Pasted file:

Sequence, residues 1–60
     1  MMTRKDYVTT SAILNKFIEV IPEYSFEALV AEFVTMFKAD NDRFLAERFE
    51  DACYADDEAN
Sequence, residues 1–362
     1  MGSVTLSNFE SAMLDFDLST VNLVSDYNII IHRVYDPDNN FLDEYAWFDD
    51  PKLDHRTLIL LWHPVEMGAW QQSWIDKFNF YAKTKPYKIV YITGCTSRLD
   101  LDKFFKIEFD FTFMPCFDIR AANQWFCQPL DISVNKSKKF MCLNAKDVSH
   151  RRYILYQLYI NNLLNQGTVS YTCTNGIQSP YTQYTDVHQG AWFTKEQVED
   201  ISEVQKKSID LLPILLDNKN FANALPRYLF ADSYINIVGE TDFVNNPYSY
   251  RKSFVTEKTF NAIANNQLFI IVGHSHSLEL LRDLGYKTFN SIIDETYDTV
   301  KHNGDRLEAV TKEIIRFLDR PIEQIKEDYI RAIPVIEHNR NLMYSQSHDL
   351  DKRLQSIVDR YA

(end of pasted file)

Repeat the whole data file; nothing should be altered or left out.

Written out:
Sequence, residues 1–60
     1  MMTRKDYVTT SAILNKFIEV IPEYSFEALV AEFVTMFKAD NDRFLAERFE
    51  DACYADDEAN
Sequence, residues 1–362
     1  MGSVTLSNFE SAMLDFDLST VNLVSDYNII IHRVYDPDNN FLDEYAWFDD
    51  PKLDHRTLIL LWHPVEMGAW QQSWIDKFNF YAKTKPYKIV YITGCTSRLD
   101  LDKFFKIEFD FTFMPCFDIR AANQWFCQPL DISVNKSKKF MCLNAKDVSH
   151  RRYILYQLYI NNLLNQGTVS YTCTNGIQSP YTQYTDVHQG AWFTKEQVED
   201  ISEVQKKSID LLPILLDNKN FANALPRYLF ADSYINIVGE TDFVNNPYSY
   251  RKSFVTEKTF NAIANNQLFI IVGHSHSLEL LRDLGYKTFN SIIDETYDTV
   301  KHNGDRLEAV TKEIIRFLDR PIEQIKEDYI RAIPVIEHNR NLMYSQSHDL
   351  DKRLQSIVDR YA